Home Office to bring together police and immigration biometrics schemes ahead of potential move to public cloud
Department seeks supplier to bring IDENT 1 and IABS programmes under single service-management structure in project worth a possible £300m
The Home Office is to unite its police and immigration biometrics programmes under a single service-management structure ahead of a potential move into the public cloud. The project will be worth up to £300m-plus to whichever supplier is chosen for a contract that could last for 10 years.
The Home Office has two core biometrics programmes: IDENT 1, which is used to store and analyse fingerprints and other biometric data related to crime and law enforcement; and the Immigration and Asylum Biometrics System (IABS), a database containing facial and fingerprint information and digital documentation relating to people seeking visas or asylum in the UK. IDENT 1 is managed by US defence company Northrop Grumman, while IABS is overseen by IBM.
A prior information notice issued this week revealed that the Home Office now “intends to procure a single service-management capability for the IABS and IDENT1 systems, developing a strategic and central bureau platform” for its entire biometrics programme. The department is looking for one supplier that can bring the two schemes under a single management structure while also delivering “some service improvements” into the bargain.
- Home Office plots £5m project to equip police with facial-recognition software
- Government pledges data-led digital process for EU citizens to apply for post-Brexit rights
- Home Office plans integration of back-office processes
Once these initial goals have been achieved, the Home Office may then look to move data out of datacentres currently used by IDENT 1 and consolidate data from both programmes so it can be stored and managed in just two of IABS existing datacentre facilities. Beyond this, the department may then seek to migrate both programmes and their data “into a public-cloud hosting environment”.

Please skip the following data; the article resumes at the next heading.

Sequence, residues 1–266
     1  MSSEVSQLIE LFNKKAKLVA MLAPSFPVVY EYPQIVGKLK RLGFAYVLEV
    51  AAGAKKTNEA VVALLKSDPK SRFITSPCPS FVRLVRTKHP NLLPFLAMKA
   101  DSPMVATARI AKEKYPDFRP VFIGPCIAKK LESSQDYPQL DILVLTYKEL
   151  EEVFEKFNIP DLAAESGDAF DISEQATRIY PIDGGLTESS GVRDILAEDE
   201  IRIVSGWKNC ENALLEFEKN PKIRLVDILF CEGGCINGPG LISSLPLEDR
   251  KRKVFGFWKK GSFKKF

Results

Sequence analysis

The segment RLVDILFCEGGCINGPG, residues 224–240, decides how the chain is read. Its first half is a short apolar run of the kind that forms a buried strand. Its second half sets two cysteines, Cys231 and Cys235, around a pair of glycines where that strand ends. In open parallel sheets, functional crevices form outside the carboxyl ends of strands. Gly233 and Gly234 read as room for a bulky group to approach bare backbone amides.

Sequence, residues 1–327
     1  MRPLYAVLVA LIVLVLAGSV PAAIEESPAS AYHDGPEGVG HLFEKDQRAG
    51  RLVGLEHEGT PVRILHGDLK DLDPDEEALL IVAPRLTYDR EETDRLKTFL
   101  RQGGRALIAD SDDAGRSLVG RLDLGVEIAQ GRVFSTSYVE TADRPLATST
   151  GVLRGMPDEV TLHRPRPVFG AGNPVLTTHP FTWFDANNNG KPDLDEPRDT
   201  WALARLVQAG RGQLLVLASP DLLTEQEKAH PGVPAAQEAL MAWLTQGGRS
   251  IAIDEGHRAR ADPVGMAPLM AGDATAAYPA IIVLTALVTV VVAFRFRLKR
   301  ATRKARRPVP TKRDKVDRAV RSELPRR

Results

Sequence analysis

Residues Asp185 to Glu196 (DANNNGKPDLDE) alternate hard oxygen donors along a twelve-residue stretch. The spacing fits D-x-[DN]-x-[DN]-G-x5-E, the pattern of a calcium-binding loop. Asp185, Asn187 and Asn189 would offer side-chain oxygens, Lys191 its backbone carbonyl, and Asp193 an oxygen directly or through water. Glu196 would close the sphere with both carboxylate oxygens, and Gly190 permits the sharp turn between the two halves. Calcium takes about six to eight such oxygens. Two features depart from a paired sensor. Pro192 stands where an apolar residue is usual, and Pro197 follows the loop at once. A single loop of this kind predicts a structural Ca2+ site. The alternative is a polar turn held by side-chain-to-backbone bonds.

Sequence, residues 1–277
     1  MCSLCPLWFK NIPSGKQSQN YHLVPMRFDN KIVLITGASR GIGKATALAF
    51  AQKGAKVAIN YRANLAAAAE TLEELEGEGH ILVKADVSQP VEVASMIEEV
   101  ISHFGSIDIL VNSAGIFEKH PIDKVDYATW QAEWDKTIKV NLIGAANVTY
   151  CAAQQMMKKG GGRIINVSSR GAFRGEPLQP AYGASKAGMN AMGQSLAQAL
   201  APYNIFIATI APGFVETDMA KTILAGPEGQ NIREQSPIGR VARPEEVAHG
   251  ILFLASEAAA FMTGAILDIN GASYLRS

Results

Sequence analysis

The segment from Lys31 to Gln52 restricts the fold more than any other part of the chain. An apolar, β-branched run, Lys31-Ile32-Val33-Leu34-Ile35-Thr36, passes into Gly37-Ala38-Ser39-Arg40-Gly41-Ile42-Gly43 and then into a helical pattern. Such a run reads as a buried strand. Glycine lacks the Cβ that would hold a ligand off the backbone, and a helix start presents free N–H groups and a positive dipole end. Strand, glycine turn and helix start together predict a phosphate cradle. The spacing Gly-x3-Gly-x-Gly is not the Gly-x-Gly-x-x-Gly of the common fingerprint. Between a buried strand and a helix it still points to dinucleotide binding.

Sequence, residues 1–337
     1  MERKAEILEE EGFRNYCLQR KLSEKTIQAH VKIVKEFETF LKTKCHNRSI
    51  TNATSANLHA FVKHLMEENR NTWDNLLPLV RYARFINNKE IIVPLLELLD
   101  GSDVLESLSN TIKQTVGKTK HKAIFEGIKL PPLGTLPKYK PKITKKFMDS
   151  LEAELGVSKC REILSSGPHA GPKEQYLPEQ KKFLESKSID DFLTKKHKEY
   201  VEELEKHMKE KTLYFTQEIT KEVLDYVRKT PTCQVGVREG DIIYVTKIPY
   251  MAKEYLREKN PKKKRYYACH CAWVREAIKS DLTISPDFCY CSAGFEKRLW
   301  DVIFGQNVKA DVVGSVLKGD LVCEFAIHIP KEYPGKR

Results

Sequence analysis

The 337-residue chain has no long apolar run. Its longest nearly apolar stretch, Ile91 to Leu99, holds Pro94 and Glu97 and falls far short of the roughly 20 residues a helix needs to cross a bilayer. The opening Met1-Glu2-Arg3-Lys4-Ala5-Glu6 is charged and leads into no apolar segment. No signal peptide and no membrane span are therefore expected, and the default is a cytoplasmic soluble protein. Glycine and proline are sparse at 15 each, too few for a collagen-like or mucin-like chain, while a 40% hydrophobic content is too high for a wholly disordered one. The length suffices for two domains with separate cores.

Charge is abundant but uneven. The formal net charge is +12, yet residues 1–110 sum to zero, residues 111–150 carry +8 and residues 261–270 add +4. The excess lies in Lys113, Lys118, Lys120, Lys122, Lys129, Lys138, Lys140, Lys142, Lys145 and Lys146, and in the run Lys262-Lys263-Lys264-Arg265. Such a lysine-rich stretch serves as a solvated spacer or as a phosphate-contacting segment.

The chosen supplier may also be asked to deliver the “transformation of the highly distributed physical deployment architecture for [the central] bureau to a centralised and virtualised solution”.
The Home Office will award a contract for an initial period of six years, with the option to renew for two further two-year terms. The estimated worth of the deal for the first six years is £198m, rising to £308m if the engagement lasts for the full 10 years.
The bidding process is expected to commence on 28 February, when a contract notice is scheduled to be published.
The contract “will require suppliers to operate at Official, Official Sensitive and Secret classifications”, the Home Office said. Once it has been awarded, staff involved in designing, testing, and delivering the management platform will need to obtain security clearance from both the police and the Home Office.
CyberArk, our sponsor for PublicTechnology Cyber Week, writes about how industry and government are working together to meet Australia’s cyber challenges
Information request reveals that number of reported incidents increased slightly
Fake online shops, malware, phishing emails and ransomware attacks on hospitals have been among the scams perpetrated by bad actors during the pandemic
In a lengthy attempt to find out about the security of government’s software systems, PublicTechnology finds a very uneven approach to transparency and what constitutes sensitive...
CyberArk's David Higgins explores the cyber risks of hiring independent contractors
PublicTechnology talks to Rich Turner about why organisations need to adopt a ‘risk-based approach’ to security – but first make sure they get the basics right
CyberArk's John Hurst looks at the true cost of GDPR breaches